Renewable energy investments can boost the Caribbean’s sustainable recovery: Innovative financing approaches

By Dr. Gillian Marcelle, Founder and Managing Member Resilience Capital Ventures LLC and Wes Adrianson, Project Manager, Clinton Climate Initiative and Clinton Global Initiative

Unlocking an economic boost by investing in renewable energy can be a pillar of the COVID-19 recovery, but will require significant work to align actors across the sector. Read more in this article, the second in a series on Renewable energy investments, from the Clinton Global Initiative and Resilience Capital Ventures.

Unlocking an economic boost by investing in renewable energy can be a pillar of the COVID-19 recovery, but will require significant work to align actors across the sector. From a technical point of view, financial mechanisms and instruments can be designed to de-risk projects and the region can expand its ability to attract investment dollars by utilizing private equity, outcomes-based financing, and bonds. Deploying innovative risk mitigation instruments will facilitate access to debt and equity financing by properly assigning risks to those with longer horizons for returns and shifting the burden away from constrained island governments. At this level, a focus on efficient approval processes, transparency in investment policies, and the waiving of import tariffs on low-carbon technologies and equipment, are important next steps. With proper coordination, islands can benefit from economies of scale for project construction and draw in larger investors.


One strategy for international actors, including multilaterals and non-profits, to ramp up the scale and sophistication of the renewables financing available to the region is through blended finance. Over the last decade, the energy sector has emerged as a priority focus area for blended finance, representing the largest sectoral share of global blended finance transactions since 2010. Many in the international community agree that leveraging blended finance to maximize private sector investment in renewables will be one of the most important strategies to meet the scale of the Sustainable Development Goals.


When coupled with regional coordination, blended finance frameworks can be catalyzing for both the pipeline of projects that are investment-ready, and the crowding-in of multiple financing partners at private, multilateral, bilateral, and impact investor levels.


Innovative financing in other parts of the world has shown that considerable time and effort are required to experiment, review and finetune the design of financial products and facilities. In regions where capital markets are not mature, moving towards ever increasing granularity of financial capital first requires intentional efforts to assemble other types of capital, including knowledge capital for investors. It is this type of non-financial capital that is urgently required to activate underperforming resources and assets. Resilience Capital Ventures (RCV) defines blended finance as an investment strategy that mobilizes and deploys a variety of forms of capital – knowledge, social, political, cultural, and relationship – in combination with financial capital.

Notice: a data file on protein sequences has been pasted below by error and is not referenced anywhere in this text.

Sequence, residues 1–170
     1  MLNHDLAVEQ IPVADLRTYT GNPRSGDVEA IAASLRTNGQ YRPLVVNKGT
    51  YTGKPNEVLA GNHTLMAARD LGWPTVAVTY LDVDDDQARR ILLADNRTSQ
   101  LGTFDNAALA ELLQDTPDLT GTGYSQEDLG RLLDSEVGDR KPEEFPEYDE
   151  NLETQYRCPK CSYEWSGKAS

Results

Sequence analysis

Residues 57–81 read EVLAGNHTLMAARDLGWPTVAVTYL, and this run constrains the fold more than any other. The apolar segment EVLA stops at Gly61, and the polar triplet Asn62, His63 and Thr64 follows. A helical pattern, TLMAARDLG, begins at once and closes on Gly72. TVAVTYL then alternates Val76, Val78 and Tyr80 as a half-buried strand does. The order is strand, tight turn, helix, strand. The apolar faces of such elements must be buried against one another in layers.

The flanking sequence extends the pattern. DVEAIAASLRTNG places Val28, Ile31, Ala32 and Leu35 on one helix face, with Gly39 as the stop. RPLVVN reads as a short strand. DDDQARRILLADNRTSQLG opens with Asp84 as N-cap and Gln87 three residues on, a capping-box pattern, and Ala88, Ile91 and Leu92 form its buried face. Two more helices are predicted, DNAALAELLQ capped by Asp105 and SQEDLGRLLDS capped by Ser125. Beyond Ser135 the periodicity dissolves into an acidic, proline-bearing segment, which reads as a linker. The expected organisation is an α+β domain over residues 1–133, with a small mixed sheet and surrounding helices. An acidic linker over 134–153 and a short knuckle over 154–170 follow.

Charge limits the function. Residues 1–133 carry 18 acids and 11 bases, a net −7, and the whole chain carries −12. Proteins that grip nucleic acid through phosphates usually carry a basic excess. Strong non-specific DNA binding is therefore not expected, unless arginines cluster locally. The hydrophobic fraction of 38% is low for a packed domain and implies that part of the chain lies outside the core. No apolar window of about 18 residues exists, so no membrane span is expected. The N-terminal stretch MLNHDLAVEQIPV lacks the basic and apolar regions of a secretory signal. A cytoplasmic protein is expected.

This definition of blended finance is part of a “Triple B” framework developed by RCV, which directs us to focus our attention on bottlenecks, blind-spots, and blended finance. This approach places great importance on sequencing and suggests that actors such as DFIs and other international partners have a critical signaling role to play by providing the knowledge capital necessary to enhance market functioning. For example, if public auctions are preferable to international investors and give comfort in terms of stability, then there should be a pool of funds and expertise, compiled by international partners, made available to Caribbean countries on demand.


The COVID-19 pandemic has fundamentally destabilized macroeconomic fundamentals in the Caribbean at a time when fiscal space was already shrinking. These SIDS require solidarity and policy response from the international community. Prime Minister Mia Mottley of Barbados in communication with President Bill Clinton pointed to the need to ring-fence COVID-19 borrowing, to restructure existing debt and to provide for moratoria on repayments in order to allow breathing space.  Likewise, Prime Minister Allen Chastanet of St Lucia called for a collaboration to navigate changes in travel and tourism and CARICOM Secretary-General LaRocque welcomed harmonization and functional cooperation in moving forward with renewable energy projects.


By including capacity building components such as workforce development and institutional knowledge sharing, regional and international partners can work to improve the system and at the same time work to attract greater investment in renewable energy in the region. A renewed focus on the creation of collaborative networks and new channels of communication across siloed sectors will be essential for creating alignment on language, priorities, and interventions. Blended finance goes beyond just financial capital – it requires a blending of diverse sources of knowledge capital and political capital, woven together by tissues of collaborative and action-oriented networks.

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